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11 votes
11 up votes
0 down votes
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(@candice.abinanti)

Disaster Resilience Indicators

Local Government Self-Assessment Tool (LGSAT)

The Local Government Self-Assessment Tool (LGSAT) developed by the United Nations Office for Disaster Risk Reduction’s "Making Cities Resilient: My City is Getting Ready!" campaign could help inform the identification of domestic indicators of disaster resilience. As of August 14, 2014, 2,000 cities around the world participate in the campaign, including four cities in the United States: Hoboken, Normandy, North Little ...more »

Voting

16 votes
18 up votes
2 down votes
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(@jtiscornia)

Disaster Resilience Indicators

Disaster evacuation

I hope this idea has already been addressed but in case not here it is. While watching the Katrina evacuation I noticed that the super highways leading out of New Orleans had traffic jams leaving the city, but the separated part of the highway leading INTO the city were completely empty. It seems that in an emergency the authorities could allow outbound traffic in BOTH lanes to evacuate the city so much easier. It ...more »

Voting

10 votes
13 up votes
3 down votes
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(@veteransdayweekend)

Disaster Resilience Indicators

More DHS FEMA Certifications Should be Obtained

The computer available self study program is not being utilized by upper level emergency managers enough, which sets a bad example for other workers and devalues this important rule book for conduct, to avoid panic based decisions by the uninformed. Further the wide range of topics gives an opportunity to advance, but also empower filling in during an emergency with poor communications or attendance at the site. It is ...more »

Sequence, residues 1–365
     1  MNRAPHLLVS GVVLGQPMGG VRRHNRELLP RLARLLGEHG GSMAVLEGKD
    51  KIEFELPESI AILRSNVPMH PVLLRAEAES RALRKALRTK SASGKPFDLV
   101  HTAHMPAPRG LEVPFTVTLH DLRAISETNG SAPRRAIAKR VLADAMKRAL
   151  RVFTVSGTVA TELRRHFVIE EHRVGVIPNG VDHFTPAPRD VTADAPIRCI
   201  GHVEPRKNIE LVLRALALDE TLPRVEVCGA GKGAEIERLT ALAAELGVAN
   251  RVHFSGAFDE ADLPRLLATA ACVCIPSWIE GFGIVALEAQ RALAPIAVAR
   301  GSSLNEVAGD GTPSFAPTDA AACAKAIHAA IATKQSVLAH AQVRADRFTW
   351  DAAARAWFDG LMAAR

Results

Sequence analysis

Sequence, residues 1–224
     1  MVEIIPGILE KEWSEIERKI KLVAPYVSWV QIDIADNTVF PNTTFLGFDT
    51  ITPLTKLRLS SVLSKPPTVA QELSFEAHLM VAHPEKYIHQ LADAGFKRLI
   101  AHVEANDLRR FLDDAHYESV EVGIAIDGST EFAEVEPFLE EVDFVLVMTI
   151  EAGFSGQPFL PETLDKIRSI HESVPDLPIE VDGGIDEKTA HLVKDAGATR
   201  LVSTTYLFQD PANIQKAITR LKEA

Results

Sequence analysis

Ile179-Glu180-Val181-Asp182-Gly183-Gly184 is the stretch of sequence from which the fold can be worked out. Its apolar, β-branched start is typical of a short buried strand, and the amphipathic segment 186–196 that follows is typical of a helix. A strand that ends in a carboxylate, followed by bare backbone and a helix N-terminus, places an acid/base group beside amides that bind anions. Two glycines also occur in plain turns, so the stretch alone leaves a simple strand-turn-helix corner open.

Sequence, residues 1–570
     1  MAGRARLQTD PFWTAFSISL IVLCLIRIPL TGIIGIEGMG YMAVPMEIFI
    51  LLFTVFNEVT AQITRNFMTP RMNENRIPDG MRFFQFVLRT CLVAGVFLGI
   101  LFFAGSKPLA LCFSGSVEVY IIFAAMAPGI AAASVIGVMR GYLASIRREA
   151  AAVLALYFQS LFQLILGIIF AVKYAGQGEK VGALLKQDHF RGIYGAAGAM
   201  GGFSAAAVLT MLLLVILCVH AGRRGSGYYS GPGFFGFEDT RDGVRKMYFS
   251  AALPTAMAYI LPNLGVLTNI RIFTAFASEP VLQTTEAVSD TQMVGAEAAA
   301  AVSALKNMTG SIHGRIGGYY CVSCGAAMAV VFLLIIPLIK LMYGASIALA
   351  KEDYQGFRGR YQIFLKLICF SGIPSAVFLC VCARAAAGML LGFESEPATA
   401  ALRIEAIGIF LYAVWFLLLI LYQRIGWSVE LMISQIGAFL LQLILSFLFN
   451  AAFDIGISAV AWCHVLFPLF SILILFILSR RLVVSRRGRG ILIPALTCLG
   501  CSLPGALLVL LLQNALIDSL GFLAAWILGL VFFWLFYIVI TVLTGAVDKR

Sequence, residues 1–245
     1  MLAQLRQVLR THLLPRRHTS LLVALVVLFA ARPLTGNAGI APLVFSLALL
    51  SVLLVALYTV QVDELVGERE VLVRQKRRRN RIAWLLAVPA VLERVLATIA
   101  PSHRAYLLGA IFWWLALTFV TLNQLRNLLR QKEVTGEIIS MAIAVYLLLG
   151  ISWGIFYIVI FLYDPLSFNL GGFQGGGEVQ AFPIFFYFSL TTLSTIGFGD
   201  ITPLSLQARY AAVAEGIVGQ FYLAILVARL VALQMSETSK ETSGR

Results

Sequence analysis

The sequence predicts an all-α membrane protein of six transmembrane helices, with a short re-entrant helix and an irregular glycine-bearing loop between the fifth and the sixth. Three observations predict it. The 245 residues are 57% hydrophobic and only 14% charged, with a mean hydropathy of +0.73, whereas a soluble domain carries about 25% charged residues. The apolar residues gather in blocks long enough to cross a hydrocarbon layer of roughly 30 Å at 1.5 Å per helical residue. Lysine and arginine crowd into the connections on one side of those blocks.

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-2 votes
3 up votes
5 down votes
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(@mike.kline)

Disaster Resilience Indicators

Flood Hazard Mitigation

Enhance federal policies and funding programs and promote flood hazard "avoidance" practices over those supporting "retrofits, rehabs, restorations, and replacements." These practices would includes buy-outs, land use regulation and conservation particularly at areas identified by a community or state as key attenuation assets to more evenly distribute flood energy, sediments, and debris in riverine and coastal areas. ...more »

Voting

10 votes
11 up votes
1 down votes
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(@jonnakapalau)

Disaster Resilience Indicators

Napa Earthquake

This recent earthquake should be used to reinforce why buildings need to be brought up to code. Seems as if there is no way to track this in California...is it time for cities to submit information to a central database in Sacramento?

Voting

6 votes
9 up votes
3 down votes
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(@emrich)

Disaster Resilience Indicators

Baseline Resilience Indicators for Communities

What is needed is an integration of physical and social datasets through a suite of statistical and geospatial techniques to construct theoretically based and methodologically sound indicators/indices of resilience for the nation at the county level. The Hazards & Vulnerability Research Institute at the University of South Carolina has identified a set of quantitative baseline indicators for measuring disaster resilience. ...more »

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8 votes
10 up votes
2 down votes